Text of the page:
I think it is disgraceful how midwives pressurise women into breast-feeding; sweet talking us into something we are not given the full picture to. Did you forget to mention the sleepless nights, irregular feeding and no caffeine to pick you up? When it boils down to it and our baby rejects us, we fall into a state of depression. We are not given a contingency plan, but merely told to try harder. Pssh.

Upon giving birth, DS did not latch onto my breast. He was dozy and just could not work it out. Over a period of two days, I had 6 different midwives, hands on, trying to aid DS to the breast; he was not interested. His sugar levels dropped, he was getting sleepier and became weak. After the first 24 hours, I decided that my son needs to eat, regardless of where it is from.

When I returned home I expressed into a bottle alongside giving him formula. He still did not take to the breast, despite numerous midwives and health visitors giving me support. After two weeks, I could no longer express. My milk production was running low and there was no way my body could keep up with his demands. I resigned to giving him formula milk and that was that. I did not get upset over it because it turns out, this worked out well with my studies. I did not experience any less of a bond with DS, as some would say, and using the bottle meant DH could bond too.

I wonder whether this child was breast-fed?

Some women do not receive the support for an uncooperative baby and are neglected, feeling inadequate as the key provider for their baby. No one tells them it is not a big deal, that it is okay as long as their baby is feeding, it does not have to be from the breast. They are told they did not try hard enough and are looked down upon by midwives and fellow mothers. This attitude creates an elitist view of what makes a ‘good’ and a ‘bad’ mother. One is not better because one breast-feeds; I am sure that just because DS takes the bottle, does not mean he will no longer have the chance to be a healthy, clever boy.

Sure breast-feeding gives a baby a great start in life, but one must also remember that a baby grows into a child, and healthy eating should be continued through the ages.

Time for rest.

This week is action packed full of people I need to see and things I want to do before I start work; hence why I have not made a new post in two days. Tonight I have crashed on the sofa from exhaustion.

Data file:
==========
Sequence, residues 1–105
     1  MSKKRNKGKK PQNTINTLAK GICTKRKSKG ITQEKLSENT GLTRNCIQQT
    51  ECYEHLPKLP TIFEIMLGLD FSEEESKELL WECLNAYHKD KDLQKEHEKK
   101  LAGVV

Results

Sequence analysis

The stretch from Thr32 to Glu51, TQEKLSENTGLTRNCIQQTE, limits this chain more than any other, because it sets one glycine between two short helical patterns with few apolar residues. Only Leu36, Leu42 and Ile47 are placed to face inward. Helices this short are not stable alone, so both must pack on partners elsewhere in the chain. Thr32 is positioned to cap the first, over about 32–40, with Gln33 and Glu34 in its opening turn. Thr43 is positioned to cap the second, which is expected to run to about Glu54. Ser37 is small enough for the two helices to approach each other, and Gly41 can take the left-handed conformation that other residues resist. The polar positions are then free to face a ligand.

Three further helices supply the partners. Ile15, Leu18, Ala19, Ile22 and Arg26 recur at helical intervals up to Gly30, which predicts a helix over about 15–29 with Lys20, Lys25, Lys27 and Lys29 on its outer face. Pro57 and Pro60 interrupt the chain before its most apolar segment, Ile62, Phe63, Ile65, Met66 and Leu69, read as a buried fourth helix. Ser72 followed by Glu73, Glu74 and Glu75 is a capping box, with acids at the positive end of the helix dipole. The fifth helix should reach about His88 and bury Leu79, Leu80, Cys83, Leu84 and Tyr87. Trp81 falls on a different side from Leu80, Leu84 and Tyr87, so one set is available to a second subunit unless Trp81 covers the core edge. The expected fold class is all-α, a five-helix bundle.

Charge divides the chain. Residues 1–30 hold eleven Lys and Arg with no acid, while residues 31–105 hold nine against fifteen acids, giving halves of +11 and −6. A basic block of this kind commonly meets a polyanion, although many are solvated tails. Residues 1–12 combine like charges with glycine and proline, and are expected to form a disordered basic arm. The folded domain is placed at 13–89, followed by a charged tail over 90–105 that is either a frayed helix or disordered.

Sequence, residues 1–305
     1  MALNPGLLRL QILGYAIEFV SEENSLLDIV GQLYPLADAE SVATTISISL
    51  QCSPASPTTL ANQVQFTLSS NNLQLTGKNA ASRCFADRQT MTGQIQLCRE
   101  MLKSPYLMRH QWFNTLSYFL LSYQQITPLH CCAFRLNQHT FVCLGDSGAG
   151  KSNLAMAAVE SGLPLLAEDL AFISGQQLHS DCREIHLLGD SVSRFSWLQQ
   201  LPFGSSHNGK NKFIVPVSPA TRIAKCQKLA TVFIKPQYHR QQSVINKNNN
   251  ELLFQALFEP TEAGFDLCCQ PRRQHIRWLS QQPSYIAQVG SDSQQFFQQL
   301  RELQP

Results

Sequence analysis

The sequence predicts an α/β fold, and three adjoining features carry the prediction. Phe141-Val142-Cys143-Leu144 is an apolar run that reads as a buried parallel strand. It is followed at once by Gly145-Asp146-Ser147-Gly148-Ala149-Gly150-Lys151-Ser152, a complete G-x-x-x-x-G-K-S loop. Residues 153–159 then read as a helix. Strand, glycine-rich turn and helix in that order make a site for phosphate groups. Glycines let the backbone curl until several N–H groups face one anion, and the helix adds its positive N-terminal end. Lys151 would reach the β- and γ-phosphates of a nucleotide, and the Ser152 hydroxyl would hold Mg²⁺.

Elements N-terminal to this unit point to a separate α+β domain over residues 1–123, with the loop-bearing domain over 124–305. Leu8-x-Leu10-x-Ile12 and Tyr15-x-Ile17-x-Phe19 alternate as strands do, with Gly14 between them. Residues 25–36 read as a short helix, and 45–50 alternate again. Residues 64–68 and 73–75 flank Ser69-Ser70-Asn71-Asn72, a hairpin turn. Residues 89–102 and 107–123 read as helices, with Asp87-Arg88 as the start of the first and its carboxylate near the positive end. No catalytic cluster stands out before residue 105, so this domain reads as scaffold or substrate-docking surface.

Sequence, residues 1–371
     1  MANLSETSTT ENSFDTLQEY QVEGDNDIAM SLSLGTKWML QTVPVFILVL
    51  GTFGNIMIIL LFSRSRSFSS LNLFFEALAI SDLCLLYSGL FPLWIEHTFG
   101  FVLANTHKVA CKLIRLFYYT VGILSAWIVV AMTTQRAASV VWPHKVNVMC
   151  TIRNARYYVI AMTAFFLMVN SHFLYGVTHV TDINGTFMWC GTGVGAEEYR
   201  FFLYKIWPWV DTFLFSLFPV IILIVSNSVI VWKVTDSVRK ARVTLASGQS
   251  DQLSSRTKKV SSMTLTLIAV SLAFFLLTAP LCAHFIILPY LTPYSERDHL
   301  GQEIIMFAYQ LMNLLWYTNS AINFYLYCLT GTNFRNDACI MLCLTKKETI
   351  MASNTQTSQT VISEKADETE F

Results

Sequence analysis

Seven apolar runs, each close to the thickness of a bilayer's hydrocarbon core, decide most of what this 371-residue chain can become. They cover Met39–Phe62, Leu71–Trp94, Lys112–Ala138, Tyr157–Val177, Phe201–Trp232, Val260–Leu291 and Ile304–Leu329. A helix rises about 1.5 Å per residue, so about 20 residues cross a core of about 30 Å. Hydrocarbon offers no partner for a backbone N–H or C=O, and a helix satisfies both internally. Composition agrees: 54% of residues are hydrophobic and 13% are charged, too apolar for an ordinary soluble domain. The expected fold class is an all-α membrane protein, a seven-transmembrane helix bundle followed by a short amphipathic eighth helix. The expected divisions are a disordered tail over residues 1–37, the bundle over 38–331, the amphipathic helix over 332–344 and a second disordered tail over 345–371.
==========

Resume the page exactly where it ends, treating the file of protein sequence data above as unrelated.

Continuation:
Monday I went to visit a girl I met on a mum’s forum, who has recently given birth to a gorgeous little boy. He was so tiny I barely noticed him, sleeping on the sofa, upon entry. DS was huge in comparison, standing on my lap, bouncing and babbling away. This is the first time DS has ever met a baby and I think he was a bit bewildered. Seeing a newborn brought back to reality how much DS has grown up in such a short time and how her baby will also double in size in a matter of months. It is times like these you become all philosophical and start reflecting on life. It is incredible.

Tuesday was pretty hectic. I had arranged for my sister-in-law to visit a wedding venue near our hometown; it was a quaint country house and absolutely perfect. It was lucky I remembered attending a wedding here when I was around twelve years of age. I got so much enjoyment out of investigating into the various wedding venues in Kent; researching and organising are my forte.

Later that evening, we picked up an old school friend of mine and took her back with us to Canterbury. We wined and dined; eating homemade lasagne made by DH. Then she and I ventured out for a couple of cocktails and a good ol’ catch up. It is great when we find the time out of our busy lives and update each other on the latest gossip. She is one of those friends that I can go months without seeing, but nevertheless, we will still pick up where we left off.